Tags: credit | liquidity | risk | bond etfs

Credit Liquidity Risk Is Rising Thanks to Boom in Bond ETFs

Credit Liquidity Risk Is Rising Thanks to Boom in Bond ETFs
(Yong-Hian-Lim/Dreamstime)

Wednesday, 14 October 2020 02:01 PM

Plenty on Wall Street fear the explosive growth of passive investing will eventually store up trouble for bond portfolios. An academic from the Swiss Finance Institute has found evidence it has already begun.

After dissecting more than 10,000 corporate bonds, Efe Cotelioglu found that high-grade securities share similar liquidity characteristics when they are heavily owned by exchange-traded funds.

That means in any market shock, fleeing investors could face the same difficulties exiting positions across all of them. To ETF critics, it’s a scenario that played out in this year’s pandemic-triggered turmoil -- until the Federal Reserve’s unprecedented intervention brought everything under control.

“Higher ETF ownership of investment-grade corporate bonds can reduce the ability of investors to diversify liquidity risk,” Cotelioglu, who is also a PhD candidate at the University of Lugano, wrote in a paper.

The ease with which bonds can be traded is a hot-button issue thanks to the drama caused by the coronavirus. Treasury liquidity suffered a shock collapse, while huge gaps emerged between the prices of ETFs and the bonds they track. Only the Fed’s action restored calm.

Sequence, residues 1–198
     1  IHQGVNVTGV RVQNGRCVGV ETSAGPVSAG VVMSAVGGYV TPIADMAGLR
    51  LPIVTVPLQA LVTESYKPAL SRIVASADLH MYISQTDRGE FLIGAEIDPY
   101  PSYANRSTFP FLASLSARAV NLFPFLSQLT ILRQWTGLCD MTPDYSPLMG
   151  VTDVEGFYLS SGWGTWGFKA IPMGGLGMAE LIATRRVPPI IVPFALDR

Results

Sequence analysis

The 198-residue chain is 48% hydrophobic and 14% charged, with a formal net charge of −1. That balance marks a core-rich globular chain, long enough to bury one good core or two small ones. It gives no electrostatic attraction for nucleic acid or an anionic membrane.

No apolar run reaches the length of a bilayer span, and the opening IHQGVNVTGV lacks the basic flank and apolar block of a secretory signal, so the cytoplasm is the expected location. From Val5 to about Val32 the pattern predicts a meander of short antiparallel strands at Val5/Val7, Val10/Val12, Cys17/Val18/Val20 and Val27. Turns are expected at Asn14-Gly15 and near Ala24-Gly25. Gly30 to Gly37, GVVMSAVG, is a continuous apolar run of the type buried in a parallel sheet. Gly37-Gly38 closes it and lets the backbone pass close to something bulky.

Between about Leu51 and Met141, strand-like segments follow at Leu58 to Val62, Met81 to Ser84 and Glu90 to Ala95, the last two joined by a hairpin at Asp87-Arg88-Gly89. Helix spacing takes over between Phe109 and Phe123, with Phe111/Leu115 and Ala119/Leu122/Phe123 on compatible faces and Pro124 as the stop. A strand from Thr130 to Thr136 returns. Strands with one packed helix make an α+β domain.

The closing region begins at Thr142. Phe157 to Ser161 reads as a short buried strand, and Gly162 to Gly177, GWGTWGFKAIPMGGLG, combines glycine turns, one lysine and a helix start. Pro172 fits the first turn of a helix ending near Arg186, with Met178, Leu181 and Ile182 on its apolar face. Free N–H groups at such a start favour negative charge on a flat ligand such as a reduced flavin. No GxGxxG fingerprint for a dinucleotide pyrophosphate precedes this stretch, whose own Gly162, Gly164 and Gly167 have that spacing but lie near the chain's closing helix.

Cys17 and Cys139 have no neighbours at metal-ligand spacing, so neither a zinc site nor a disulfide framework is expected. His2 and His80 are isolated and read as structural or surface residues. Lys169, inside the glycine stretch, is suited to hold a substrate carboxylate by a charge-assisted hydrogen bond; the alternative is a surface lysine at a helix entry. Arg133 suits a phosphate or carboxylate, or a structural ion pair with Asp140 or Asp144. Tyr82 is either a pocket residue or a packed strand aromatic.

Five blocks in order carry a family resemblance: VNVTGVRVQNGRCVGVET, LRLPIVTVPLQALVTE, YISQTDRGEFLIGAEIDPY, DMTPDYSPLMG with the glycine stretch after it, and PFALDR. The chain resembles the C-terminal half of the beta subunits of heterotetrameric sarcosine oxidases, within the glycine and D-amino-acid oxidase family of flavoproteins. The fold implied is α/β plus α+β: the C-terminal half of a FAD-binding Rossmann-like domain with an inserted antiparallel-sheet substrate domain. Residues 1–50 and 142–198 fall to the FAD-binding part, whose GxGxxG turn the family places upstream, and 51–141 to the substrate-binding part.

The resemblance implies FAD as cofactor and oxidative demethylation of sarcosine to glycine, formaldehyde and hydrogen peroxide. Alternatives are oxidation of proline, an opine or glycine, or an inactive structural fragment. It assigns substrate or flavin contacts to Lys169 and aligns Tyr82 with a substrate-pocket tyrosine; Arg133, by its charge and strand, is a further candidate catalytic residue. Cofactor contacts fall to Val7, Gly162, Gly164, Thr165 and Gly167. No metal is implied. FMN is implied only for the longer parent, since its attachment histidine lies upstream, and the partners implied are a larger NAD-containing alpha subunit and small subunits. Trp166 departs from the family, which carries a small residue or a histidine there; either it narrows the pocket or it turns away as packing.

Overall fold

That return to normalcy persuaded many that concern about the viability of bond ETFs were misguided. The fear was that very liquid funds could become a destabilizing force for their less liquid underlying securities.

Cotelioglu found an “economically and statistically significant” difference between the co-movement of liquidity in investment-grade bonds in the top-quartile of ETF ownership and those in the bottom quartile. The pattern didn’t occur in high yield.

The research showed no relationship between so-called commonality of liquidity and mutual fund ownership. Cotelioglu puts this down to contrasting investor bases and structural differences. For instance, mutual funds have “discretion” in deciding how to meet redemptions, while an ETF can’t choose what assets it sells.

While the study used almost a decade’s worth of data through to the second quarter of 2019, the market for fixed-income ETFs has exploded in size since then.

Bond ETFs have pulled in about $170 billion in 2020, surpassing equity inflows and already beating last year’s record $154 billion haul.

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Plenty on Wall Street fear the explosive growth of passive investing will eventually store up trouble for bond portfolios.
credit, liquidity, risk, bond etfs
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2020-01-14
Wednesday, 14 October 2020 02:01 PM
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